Localized heating of metals and alloys using a focused laser beam in ambient atmosphere produces dielectric oxide layers that have characteristic optical appearances including different colors. Nanoindentation probed the deformation and fracture of laser-fabricated oxides on 304L stainless steel. Conductive nanoindentation measured electrical contact resistance (ECR) of the same colored oxides indicating a correlation between laser exposure, conductance during loading, current-voltage (I-V) behavior at constant load, and indentation response. Microscopy and X-ray diffraction examined the microstructure and chemical composition of the oxides. Combining techniques provides a unique approach for correlating mechanical behavior and the resulting performance of the films in conditions that cause wear.
|Original language||English (US)|
|Title of host publication||Properties and Processes at the Nanoscale - Nanomechanics of Material Behavior|
|Number of pages||6|
|State||Published - 2012|
|Event||2011 MRS Fall Meeting - Boston, MA, United States|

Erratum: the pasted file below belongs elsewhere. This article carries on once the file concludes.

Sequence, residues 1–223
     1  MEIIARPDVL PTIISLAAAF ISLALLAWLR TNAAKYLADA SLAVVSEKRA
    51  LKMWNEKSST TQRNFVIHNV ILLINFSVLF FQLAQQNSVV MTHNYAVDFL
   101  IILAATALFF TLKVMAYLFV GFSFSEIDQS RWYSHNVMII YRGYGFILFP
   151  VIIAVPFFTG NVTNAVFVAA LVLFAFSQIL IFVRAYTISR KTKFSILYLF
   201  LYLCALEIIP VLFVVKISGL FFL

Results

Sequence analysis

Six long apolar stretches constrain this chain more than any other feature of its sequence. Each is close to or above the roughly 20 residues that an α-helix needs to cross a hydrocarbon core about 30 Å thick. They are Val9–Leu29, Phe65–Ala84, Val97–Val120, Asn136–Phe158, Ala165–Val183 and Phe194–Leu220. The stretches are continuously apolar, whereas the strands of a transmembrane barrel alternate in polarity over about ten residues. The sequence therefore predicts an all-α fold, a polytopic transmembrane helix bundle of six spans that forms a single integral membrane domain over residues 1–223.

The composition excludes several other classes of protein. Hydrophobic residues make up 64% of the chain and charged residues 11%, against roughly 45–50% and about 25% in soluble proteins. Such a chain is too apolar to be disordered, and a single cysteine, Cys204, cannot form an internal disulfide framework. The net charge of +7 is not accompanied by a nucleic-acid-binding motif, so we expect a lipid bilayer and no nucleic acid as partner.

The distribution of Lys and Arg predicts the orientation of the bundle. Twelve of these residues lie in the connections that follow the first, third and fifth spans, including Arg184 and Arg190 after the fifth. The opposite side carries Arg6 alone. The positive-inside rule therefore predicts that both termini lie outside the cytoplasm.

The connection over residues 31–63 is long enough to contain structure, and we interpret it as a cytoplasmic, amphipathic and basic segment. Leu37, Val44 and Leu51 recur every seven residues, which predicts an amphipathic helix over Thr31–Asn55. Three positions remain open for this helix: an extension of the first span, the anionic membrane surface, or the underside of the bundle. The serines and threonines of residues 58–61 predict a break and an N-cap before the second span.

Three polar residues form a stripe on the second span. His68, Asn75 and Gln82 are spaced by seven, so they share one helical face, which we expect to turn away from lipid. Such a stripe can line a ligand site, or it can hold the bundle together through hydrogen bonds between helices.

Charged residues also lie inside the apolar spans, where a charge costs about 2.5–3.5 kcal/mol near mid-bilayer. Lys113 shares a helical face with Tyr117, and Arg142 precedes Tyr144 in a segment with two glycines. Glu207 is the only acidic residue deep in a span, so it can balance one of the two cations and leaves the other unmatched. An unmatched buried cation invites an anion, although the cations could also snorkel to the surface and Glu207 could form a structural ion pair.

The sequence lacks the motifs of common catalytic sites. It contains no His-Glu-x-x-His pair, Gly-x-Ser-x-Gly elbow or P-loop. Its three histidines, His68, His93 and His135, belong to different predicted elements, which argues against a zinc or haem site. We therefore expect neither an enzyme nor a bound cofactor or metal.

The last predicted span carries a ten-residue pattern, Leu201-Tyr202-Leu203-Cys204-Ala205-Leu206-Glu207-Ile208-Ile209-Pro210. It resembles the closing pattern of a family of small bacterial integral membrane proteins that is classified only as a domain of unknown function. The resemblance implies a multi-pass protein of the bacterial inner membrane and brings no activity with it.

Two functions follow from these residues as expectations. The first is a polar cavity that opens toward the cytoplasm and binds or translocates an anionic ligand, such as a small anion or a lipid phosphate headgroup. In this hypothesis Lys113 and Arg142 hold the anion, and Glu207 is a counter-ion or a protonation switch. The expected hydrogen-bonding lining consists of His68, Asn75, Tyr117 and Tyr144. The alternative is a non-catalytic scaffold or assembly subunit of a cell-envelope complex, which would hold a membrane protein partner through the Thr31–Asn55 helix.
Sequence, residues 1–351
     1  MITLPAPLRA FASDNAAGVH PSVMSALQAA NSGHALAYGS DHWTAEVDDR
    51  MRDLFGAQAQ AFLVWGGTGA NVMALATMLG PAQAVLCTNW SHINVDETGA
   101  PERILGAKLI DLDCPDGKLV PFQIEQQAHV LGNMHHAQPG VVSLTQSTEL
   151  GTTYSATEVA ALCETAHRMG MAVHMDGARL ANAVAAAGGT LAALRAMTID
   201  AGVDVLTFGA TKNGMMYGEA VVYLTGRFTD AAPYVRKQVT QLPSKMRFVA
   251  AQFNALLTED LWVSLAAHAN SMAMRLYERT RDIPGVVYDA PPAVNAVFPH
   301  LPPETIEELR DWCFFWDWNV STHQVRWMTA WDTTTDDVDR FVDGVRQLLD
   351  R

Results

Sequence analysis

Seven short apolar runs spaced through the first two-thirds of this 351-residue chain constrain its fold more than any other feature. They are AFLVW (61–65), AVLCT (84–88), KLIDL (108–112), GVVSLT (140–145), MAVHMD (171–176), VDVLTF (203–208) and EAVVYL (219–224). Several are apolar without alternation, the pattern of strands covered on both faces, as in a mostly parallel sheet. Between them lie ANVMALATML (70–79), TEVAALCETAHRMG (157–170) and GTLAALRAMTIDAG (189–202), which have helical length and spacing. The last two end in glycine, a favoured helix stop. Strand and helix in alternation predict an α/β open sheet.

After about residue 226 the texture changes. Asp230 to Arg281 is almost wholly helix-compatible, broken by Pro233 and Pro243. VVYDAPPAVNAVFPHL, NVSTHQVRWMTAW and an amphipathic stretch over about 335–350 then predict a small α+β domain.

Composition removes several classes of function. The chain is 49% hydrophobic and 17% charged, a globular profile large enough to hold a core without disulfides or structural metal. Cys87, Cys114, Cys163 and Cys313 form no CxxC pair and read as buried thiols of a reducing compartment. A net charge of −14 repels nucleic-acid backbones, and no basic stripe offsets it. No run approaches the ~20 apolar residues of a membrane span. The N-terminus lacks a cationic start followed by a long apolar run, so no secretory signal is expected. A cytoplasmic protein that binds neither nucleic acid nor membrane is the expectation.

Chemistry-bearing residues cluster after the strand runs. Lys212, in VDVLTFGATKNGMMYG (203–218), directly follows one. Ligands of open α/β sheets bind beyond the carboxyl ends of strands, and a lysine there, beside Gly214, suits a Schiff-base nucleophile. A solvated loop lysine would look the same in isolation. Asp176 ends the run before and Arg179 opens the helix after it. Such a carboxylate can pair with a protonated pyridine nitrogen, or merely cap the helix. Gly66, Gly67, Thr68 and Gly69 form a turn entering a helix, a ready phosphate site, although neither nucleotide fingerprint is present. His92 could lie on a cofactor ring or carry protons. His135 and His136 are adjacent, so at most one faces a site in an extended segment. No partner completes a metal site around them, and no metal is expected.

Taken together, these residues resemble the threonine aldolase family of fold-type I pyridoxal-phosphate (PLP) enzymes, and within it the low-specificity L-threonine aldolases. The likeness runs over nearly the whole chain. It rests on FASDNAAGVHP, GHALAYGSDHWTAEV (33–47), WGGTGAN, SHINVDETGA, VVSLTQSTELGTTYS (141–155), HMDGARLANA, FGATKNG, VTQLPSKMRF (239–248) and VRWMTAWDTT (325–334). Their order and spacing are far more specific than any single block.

Duration: Nov 28 2011 → Dec 2 2011
|Name||Materials Research Society Symposium Proceedings|
|Other||2011 MRS Fall Meeting|
|Period||11/28/11 → 12/2/11|
Bibliographical noteFunding Information:
This work was supported by the Defense Threat Reduction Agency, Basic Research Award # IACRO 10-4257I, to Washington State University sub-contracted through Sandia National Laboratories, and NSF Grant NSF/DMR-0946337. Sandia National Laboratories is a multiprogram laboratory managed and operated by Sandia Corporation, a wholly owned subsidiary of Lockheed Martin Company, for the United States Department of Energy’s National Nuclear Security Administration under contract DE-AC04-94AL85000. The authors would like to thank Paul Kotula, Mark Rodriguez, Vitalie Stavila, Ryan Nishimoto, Jeff Chames, and Ray Friddle for their work and helpful discussions on microscopy and XRD.